obligatory award for damages in the absence of any malice. The business
desire is there to make some gain to the detriment of the contracting parties.
Lack of malice, however, precludes damages. But it does not relieve petitioner
of the legal liability for entering into contracts and causing breach of existing
ones. The respondent appellate court correctly confirmed the permanent
injunction and nullification of the lease contracts between DCCSI and
Trendsetter Marketing, without awarding damages. The injunction saved the
respondents from further damage or injury caused by petitioner's interference.

(2) Lastly, the recovery of attorney's fees in the concept of actual or


compensatory damages, is allowed under the circumstances provided for in
Article 2208 of the Civil Code. One such occasion is when the defendant's act
or omission has compelled the plaintiff to litigate with third persons or to
incur expenses to protect his interest. But we have consistently held that the
award of considerable damages should have clear factual and legal bases. In
connection with attorney's fees, the award should be commensurate to the
benefits that would have been derived from a favorable judgment. Settled is
the rule that fairness of the award of damages by the trial court calls for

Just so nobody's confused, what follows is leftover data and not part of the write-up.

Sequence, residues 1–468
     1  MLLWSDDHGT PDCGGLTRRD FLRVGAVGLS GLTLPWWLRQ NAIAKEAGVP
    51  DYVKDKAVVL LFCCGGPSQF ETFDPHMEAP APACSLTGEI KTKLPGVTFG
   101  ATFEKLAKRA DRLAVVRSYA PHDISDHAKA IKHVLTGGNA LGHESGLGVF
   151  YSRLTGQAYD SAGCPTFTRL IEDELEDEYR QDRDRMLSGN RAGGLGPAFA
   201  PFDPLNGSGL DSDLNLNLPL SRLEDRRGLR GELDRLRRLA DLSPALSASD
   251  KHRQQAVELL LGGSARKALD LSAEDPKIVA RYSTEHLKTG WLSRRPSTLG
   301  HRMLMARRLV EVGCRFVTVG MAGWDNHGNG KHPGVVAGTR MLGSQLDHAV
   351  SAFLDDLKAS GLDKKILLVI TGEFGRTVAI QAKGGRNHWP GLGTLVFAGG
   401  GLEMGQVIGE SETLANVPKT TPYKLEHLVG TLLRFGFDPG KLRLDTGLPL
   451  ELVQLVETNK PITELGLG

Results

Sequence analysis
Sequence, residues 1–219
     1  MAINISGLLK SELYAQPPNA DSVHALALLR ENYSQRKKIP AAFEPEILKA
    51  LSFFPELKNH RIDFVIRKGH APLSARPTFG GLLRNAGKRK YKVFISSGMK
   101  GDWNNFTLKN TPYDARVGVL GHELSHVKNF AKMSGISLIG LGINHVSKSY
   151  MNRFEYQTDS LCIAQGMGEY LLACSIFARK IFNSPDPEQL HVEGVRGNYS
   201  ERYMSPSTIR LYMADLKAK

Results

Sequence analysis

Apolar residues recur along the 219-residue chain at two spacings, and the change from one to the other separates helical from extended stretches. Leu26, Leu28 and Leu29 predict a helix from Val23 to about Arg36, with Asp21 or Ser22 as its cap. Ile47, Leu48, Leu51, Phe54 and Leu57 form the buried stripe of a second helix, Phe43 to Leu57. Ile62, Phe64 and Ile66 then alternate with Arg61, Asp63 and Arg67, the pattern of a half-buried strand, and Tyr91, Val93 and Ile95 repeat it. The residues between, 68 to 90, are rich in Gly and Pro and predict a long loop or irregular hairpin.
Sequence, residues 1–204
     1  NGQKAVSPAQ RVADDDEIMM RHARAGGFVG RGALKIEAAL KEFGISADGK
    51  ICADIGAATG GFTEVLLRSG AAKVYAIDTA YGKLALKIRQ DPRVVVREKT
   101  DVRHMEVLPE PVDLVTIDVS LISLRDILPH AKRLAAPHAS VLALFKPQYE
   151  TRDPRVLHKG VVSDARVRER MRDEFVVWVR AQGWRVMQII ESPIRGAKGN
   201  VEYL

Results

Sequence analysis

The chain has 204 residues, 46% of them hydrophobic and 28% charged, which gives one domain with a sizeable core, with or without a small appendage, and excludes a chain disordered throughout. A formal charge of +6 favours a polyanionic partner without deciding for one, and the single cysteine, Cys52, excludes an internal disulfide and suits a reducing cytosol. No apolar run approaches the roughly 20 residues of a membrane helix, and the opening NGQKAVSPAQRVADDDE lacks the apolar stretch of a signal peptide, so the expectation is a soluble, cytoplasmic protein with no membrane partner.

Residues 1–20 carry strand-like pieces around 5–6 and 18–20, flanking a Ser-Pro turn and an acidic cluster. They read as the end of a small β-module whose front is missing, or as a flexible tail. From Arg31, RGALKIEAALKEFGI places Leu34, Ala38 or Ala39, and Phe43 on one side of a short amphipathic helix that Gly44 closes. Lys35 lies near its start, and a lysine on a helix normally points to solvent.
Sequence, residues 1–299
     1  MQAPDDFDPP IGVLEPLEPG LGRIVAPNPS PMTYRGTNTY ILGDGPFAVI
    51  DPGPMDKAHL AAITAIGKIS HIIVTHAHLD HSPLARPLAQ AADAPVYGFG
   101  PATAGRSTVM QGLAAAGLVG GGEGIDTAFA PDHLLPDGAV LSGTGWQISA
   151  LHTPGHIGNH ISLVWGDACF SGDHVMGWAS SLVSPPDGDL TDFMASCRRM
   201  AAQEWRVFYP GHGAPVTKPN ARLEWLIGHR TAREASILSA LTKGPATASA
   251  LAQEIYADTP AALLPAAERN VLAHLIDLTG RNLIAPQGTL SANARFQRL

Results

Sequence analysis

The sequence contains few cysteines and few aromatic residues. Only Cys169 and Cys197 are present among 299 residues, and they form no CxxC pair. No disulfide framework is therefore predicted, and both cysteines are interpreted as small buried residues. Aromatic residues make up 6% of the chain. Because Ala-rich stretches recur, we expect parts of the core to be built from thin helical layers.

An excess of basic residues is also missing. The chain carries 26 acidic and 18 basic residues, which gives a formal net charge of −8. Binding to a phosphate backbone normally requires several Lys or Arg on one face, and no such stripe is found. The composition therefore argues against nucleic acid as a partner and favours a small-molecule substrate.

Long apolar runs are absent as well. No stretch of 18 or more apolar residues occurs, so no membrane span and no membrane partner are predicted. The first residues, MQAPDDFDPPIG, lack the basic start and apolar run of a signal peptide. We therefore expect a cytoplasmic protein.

appellate review such that the award if far too excessive can be reduced. This
ruling applies with equal force on the award of attorney's fees. In a long line of
cases we said, "It is not sound policy to place in penalty on the right to litigate.
To compel the defeated party to pay the fees of counsel for his successful
opponent would throw wide open the door of temptation to the opposing party
and his counsel to swell the fees to undue proportions."

Considering that the respondent corporation's lease contract, at the time when
the cause of action accrued, ran only on a month-to-month basis whence
before it was on a yearly basis, we find even the reduced amount of attorney's
fees ordered by the Court of Appeals still exorbitant in the light of prevailing
jurisprudence. Consequently, the amount of two hundred thousand
(P200,000.00) awarded by respondent appellate court should be reduced to
one hundred thousand (P100,000.00) pesos as the reasonable award or
attorney's fees in favor of private respondent corporation.